Austin band continues rebuildling sound it stripped bare on Kill the Moonlight
Austin, Texas’ Spoon is one of those bands that seems forever on the cusp of breaking big. Its R&B-influenced shuck-and-jive has plenty of pop potential; it’s got a charismatic frontman in Britt Daniel; it’s accessible in any sense of the word. But Spoon has always been a bit too shifty for the mainstream, constantly tweaking and reinventing its sound in a way that makes the band di?cult to pigeonhole and, thus, package. Despite one ill-fated brush with the majors (1998 classic A Series of Sneaks), Spoon consistently released its albums on high-profile indies over its decade-long career. Its latest, for Merge Records, finds the band splitting the difference between the judicious effects and brutal starkness of Kill the Moonlight and the fuller, more rock-oriented sound of its last LP, Gimme Fiction.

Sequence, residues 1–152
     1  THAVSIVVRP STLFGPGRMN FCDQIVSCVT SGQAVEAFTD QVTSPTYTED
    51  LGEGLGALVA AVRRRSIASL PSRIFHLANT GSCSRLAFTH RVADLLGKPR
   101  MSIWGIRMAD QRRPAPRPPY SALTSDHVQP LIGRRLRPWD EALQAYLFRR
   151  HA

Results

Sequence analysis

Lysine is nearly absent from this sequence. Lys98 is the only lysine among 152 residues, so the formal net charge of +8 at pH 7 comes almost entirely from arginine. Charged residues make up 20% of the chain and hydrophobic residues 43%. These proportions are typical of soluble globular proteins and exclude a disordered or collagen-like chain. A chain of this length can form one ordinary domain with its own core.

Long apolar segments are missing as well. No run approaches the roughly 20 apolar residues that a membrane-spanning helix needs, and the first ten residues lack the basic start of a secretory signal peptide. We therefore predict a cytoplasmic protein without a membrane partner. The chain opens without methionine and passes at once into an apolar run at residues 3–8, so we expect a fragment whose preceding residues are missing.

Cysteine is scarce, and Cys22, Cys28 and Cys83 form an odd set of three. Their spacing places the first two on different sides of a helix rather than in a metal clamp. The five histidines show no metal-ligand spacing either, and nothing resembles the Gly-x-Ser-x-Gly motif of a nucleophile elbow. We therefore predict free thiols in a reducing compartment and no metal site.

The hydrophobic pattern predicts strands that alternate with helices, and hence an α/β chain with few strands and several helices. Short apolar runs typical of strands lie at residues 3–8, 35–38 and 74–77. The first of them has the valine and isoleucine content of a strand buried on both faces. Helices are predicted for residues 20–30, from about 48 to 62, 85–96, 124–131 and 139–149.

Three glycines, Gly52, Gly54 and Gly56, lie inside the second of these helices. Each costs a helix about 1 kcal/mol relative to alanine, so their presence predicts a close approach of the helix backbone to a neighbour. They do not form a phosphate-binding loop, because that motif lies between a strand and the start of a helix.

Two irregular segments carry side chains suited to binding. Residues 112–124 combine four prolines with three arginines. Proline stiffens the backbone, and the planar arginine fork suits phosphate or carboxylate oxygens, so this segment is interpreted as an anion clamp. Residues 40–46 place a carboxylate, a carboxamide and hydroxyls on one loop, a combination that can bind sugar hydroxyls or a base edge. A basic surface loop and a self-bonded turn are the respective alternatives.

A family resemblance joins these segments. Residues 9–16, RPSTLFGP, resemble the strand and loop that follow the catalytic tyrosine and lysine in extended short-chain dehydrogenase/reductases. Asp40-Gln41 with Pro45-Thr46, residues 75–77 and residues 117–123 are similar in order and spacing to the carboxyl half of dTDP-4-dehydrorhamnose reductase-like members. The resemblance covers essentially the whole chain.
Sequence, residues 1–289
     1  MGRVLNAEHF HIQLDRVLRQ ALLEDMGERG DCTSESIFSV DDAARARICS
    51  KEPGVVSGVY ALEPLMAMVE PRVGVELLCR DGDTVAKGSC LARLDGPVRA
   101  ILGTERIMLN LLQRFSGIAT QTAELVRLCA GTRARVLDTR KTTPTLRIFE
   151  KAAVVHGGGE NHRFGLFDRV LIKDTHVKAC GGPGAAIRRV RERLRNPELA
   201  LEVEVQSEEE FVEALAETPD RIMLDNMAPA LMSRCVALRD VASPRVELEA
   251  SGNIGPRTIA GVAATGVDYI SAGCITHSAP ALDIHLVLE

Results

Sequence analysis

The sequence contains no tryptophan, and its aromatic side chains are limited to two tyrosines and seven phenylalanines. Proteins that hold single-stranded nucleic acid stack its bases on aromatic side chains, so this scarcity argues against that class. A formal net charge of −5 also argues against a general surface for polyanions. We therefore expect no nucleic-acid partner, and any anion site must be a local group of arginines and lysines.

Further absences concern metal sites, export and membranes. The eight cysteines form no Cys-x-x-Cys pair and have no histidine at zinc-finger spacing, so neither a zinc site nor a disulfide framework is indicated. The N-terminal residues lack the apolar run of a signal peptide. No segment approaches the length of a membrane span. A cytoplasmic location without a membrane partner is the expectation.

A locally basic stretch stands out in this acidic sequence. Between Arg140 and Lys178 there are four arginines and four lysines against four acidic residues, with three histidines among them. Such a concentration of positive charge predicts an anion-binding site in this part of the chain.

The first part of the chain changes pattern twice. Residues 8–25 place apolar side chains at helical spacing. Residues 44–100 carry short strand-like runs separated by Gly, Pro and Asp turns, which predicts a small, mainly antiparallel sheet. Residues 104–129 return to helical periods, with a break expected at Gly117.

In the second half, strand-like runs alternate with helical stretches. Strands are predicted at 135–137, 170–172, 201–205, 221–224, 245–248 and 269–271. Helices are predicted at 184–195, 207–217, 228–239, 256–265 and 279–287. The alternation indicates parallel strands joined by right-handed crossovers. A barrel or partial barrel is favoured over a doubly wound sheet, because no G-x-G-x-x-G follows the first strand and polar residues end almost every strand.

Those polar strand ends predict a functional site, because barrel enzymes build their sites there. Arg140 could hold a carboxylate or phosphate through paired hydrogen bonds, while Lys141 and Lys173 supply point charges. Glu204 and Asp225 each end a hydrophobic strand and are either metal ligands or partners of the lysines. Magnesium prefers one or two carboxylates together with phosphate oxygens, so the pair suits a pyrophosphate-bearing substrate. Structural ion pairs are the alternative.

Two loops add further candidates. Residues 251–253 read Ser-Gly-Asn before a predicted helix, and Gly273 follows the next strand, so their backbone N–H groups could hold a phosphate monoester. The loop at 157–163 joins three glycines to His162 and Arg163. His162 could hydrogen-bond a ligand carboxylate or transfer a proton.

Spoon is one of the few bands who could claim to be saving rock ’n’ roll with any validity at this point (not that they would ever make such a claim, being too smart for such facile mythmaking). Smart, but not intellectual; sly, but honest; urgent, yet controlled—these have always been the hallmarks of Spoon’s music. This is what distinguishes the band from what I regard as rock qua rock, reflexive music rehearsing a series of tropes that refer to little more than the act of rocking, all canned historical significance, no heart. Spoon has never resorted to this kind of posturing, which is why their music feels so much more alive than most rock—they’re always chasing some ephemeral intuition, heeding the song’s demands rather than the genre’s.